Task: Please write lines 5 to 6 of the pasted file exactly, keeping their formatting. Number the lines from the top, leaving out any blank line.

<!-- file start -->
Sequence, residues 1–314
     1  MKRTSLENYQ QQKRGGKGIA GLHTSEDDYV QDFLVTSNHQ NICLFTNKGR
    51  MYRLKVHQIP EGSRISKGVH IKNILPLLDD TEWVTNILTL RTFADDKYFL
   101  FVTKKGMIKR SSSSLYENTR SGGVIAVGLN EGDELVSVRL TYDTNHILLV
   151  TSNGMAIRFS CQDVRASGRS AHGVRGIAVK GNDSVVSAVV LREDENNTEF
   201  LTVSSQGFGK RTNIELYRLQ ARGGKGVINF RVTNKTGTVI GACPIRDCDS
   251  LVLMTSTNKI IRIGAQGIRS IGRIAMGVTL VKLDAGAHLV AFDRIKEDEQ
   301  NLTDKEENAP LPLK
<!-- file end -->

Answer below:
   151  TSNGMAIRFS CQDVRASGRS AHGVRGIAVK GNDSVVSAVV LREDENNTEF
   201  LTVSSQGFGK RTNIELYRLQ ARGGKGVINF RVTNKTGTVI GACPIRDCDS